Jacky Caillou

The Strange Case of Jacky Caillou (aka Jacky Caillou) (2022)

The Strange Case of Jacky Caillou (aka Jacky Caillou) first published by Signal Horizon

In a large house situated in the French Alps at the beginning of The Strange Case of Jacky Caillou (aka Jacky Caillou), a young man picks up sounds with a parabolic microphone: first footsteps from upstairs, and then groanings and whisperings of the Lord’s prayer from behind a door. The man is Thomas ‘Jacky’ Caillou (Thomas Parigi), and although it seems initially that he is engaged in some kind of paranormal investigation, in fact the voice belongs to his grandmother Gisèle (Edwige Blondiau), who in the room beyond is helping one of several villagers lined up to see her.

Gisèle is a faith healer, and as she practises her art surrounded by old framed photographs of her ancestors, she may be the last in her line. When Jacky was still a child, his parents died in a car accident that he somehow survived, and now this tattooed ‘good lad’ seems more interested in composing and recording melancholic electronica and elegiac songs that are too personal for him to share with others than in resuming his family’s tradition. 

Yet Jacky’s experiments with a dying bird make him wonder if the gift of healing hands might after all have skipped a generation from grandmother to grandson – and so when Gisèle suddenly dies, he decides to take over her last, unfinished case: a young girl named Elsa (Lou Lampros) who is afflicted with a peculiar stain on her back, and who seems somehow to be connected to the disappearance of livestock despite the insistence of local shepherd Monsieur Bert (Georges Isnard) that “there are no predators here.” 

“Don’t chase miracles,” Gisèle had advised, “They don’t exist” – and so as Jacky takes his first steps along his family’s path of magic, he will learn that his powers of healing are finite, and that sometimes a lost cause must be let go. This feature debut of debut Lucas Delangle, co-written with Olivier Strauss, takes the barest bones of the werewolf myth and makes from them a hybrid chronicle of changing times and persistent tradition. For the old poetry is indeed dying, much as Jacky’s best friend Mathieu (Romain Laguna) ridicules and rudely curtails the romantic verse of a grey-haired customer in the village bar. If the community’s faith – essential to the Caillous’ work – is to be maintained, there must be new songs and new music.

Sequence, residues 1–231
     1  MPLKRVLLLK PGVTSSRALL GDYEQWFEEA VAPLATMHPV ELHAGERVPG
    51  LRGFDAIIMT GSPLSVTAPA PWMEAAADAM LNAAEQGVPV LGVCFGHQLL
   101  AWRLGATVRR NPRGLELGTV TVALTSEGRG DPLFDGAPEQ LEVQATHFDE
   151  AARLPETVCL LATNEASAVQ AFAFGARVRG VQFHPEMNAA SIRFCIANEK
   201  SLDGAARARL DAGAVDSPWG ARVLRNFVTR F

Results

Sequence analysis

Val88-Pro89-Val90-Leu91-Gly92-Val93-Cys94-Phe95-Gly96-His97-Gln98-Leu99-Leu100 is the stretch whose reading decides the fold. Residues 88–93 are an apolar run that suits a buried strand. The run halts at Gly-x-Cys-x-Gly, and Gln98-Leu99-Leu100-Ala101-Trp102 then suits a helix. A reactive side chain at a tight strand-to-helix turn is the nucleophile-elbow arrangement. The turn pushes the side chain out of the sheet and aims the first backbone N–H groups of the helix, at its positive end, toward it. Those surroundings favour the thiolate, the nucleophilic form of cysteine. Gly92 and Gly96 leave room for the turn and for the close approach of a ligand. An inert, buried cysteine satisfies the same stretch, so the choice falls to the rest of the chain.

Meanwhile the surrounding forest from which Jacky draws his powers is also nurturing other, wilder forces over which he will prove to have no control. So Jacky’s first encounter with the mysteries of nature is a bittersweet lesson in limits and loss, in the miracles that cannot be chased – but it also shows the way to a balance of sorts being restored between woods and town, darkness and light. Jacky may hubristically imagine that with the wave of his hands, he can tame a beast and heal the entire village – but he is nonetheless capable of performing minor but meaningful miracles for the next generation, and of getting the village to believe once more. 

Contemplative and enigmatic, The Strange Case of Jacky Caillou is a mannered rite of passage, retuning familiar horror tropes to its own doleful harmonies and pulse, as a young man loses love and finds his calling.

strap: Lucas Delangle’s lightly lycanthropic feature debut shows a young man finding his legacy of healing in loss

Anton Bitel